Editorial: Homeostatic and retrograde signaling mechanisms modulating presynaptic function and plasticity
Author(s)Subramanian, Jaichandar; Dickman, Dion
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Dynamic reorganization of neural circuits can occur through the selective strengthening of synapses between neurons that are coactive in response to the encoded information (Shatz, 1990). However, the positive feedback resulting from synaptic strengthening and neuronal coactivity can lead to the destabilization of neuronal networks. Thus, synapses must maintain the capacity for change necessary for learning and memory, yet constrain this inherently destabilizing flexibility to enable stable neural function throughout life. Evidence has emerged in recent years that activity within neural circuits can shape the synaptic properties of component neurons in a manner that maintains stable excitatory drive, a process referred to as homeostatic synaptic plasticity (Turrigiano and Nelson, 2000; Pozo and Goda, 2010; Davis, 2013). Potent and adaptive homeostatic mechanisms have been demonstrated in a variety of systems to modulate activity at the level of an individual neuron, synapse, circuit, or entire network, and dysregulation at some or all of these levels may contribute to neuropsychiatric disorders, intellectual disability, and epilepsy (Wondolowski and Dickman, 2013). Greater mechanistic understanding of homeostatic plasticity will provide key insights into the etiology of these disorders, which may result from network instability and synaptic dysfunction. Over the past 15 years, the molecular mechanisms of this form of plasticity have been intensely studied in various model organisms, including invertebrates and vertebrates (Davis and Müller, 2015). Though, once thought to have a predominantly postsynaptic basis, emerging evidence suggests that homeostatic mechanisms act on both sides of the synapse, through mechanisms such as retrograde signaling, to orchestrate compensatory adaptations that maintain stable network function (Vitureira et al., 2012). These trans-synaptic signaling systems ultimately alter neurotransmitter release probability by a variety of mechanisms including changes in vesicle pool size and calcium influx (Davis and Müller, 2015). These adaptations are not expected to occur homogenously at all terminals of a pre-synaptic neuron, as they might synapse with neurons in non-overlapping circuits. However, the factors that govern the homeostatic control of synapse-specific plasticity are only beginning to be understood.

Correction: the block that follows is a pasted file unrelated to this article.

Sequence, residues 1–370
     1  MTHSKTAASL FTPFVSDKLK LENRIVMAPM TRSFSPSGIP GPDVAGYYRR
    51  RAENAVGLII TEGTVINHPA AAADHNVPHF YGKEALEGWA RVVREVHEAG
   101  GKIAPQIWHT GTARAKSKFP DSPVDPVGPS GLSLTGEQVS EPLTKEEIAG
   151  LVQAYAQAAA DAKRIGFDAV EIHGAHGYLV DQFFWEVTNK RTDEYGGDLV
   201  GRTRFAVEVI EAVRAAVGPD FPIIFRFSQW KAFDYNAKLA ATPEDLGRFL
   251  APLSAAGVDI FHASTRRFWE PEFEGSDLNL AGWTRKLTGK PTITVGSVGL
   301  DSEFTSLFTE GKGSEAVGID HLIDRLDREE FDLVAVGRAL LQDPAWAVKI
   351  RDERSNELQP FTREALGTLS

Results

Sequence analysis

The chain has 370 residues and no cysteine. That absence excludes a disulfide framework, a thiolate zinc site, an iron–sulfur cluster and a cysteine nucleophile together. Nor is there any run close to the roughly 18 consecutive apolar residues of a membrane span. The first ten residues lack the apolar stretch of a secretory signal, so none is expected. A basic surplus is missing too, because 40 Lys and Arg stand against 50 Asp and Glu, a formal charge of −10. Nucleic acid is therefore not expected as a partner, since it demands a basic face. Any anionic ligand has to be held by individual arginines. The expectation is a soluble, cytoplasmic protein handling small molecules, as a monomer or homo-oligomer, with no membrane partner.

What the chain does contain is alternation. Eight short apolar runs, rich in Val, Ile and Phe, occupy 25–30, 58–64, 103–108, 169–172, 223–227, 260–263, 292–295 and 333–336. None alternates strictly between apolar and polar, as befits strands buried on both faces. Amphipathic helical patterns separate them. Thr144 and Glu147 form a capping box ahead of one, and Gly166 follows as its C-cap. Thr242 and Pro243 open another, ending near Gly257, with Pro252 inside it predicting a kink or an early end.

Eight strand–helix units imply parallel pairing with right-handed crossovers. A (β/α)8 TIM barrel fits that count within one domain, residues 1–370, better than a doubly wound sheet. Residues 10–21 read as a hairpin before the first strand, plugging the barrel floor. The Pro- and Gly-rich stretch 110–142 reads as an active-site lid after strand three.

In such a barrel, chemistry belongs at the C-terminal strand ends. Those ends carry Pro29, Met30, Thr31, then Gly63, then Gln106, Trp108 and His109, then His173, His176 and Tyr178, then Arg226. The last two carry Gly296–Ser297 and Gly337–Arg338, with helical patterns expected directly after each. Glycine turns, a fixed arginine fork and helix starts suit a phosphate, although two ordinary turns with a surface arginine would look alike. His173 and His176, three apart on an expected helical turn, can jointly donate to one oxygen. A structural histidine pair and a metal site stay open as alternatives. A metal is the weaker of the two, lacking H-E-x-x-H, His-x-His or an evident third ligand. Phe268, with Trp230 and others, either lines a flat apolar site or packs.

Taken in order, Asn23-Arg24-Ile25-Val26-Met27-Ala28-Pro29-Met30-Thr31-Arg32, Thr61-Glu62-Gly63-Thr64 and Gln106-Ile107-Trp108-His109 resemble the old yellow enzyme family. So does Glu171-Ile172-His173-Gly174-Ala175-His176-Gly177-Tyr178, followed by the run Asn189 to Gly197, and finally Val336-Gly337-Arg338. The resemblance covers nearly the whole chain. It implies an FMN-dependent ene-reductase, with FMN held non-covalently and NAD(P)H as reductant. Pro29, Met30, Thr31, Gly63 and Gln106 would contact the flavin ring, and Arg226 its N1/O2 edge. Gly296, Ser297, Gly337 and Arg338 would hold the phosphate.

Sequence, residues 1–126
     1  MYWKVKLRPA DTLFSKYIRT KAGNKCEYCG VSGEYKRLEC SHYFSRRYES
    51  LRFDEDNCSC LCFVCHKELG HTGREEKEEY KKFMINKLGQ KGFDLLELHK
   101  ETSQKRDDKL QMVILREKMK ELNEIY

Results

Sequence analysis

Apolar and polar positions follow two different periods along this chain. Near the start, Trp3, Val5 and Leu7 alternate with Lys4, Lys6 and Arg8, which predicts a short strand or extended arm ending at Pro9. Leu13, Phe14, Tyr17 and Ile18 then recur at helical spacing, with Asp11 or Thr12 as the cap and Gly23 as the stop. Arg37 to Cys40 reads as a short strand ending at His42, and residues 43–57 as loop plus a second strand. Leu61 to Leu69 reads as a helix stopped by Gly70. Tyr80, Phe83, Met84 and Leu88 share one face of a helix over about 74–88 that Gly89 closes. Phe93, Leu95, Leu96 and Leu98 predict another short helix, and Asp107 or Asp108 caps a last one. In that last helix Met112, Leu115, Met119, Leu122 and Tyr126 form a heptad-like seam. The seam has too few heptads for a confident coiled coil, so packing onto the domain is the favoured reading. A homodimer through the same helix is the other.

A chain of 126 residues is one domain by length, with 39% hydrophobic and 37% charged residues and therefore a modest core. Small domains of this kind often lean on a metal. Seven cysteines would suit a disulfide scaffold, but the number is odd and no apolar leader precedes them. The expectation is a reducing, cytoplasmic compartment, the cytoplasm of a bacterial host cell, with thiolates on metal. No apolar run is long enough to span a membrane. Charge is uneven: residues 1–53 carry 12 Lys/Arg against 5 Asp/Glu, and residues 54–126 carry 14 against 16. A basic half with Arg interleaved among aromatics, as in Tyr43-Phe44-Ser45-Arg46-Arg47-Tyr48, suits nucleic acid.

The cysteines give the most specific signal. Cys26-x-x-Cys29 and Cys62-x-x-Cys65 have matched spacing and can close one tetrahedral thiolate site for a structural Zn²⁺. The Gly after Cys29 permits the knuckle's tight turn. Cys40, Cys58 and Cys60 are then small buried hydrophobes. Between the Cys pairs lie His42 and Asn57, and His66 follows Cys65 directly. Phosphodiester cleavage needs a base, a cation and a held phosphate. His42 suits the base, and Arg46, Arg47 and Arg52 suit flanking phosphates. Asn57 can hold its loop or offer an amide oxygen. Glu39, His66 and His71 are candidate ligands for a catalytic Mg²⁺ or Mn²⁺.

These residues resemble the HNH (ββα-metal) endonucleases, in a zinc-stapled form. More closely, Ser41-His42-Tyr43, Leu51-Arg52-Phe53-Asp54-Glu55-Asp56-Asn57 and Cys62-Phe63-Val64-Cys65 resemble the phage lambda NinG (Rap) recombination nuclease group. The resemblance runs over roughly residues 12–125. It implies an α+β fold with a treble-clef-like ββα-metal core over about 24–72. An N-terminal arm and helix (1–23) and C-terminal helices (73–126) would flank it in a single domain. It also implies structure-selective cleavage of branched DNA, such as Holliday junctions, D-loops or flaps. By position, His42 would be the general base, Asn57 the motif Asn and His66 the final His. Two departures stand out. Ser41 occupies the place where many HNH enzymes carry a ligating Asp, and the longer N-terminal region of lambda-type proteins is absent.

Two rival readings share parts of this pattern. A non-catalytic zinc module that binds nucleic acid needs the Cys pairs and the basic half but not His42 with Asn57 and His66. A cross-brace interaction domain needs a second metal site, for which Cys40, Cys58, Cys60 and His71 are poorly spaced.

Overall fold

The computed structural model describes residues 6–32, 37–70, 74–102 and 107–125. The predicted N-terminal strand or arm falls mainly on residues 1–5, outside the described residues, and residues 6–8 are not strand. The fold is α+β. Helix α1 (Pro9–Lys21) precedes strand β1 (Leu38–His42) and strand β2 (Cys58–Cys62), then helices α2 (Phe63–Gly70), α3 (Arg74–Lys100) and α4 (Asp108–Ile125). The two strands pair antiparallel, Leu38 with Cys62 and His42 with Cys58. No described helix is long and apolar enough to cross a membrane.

DepartmentPicower Institute for Learning and Memory
Frontiers in Cellular Neuroscience
Frontiers Research Foundation
Subramanian, Jaichandar, and Dion Dickman. “Editorial: Homeostatic and Retrograde Signaling Mechanisms Modulating Presynaptic Function and Plasticity.” Front. Cell. Neurosci. 9 (September 30, 2015).
Final published version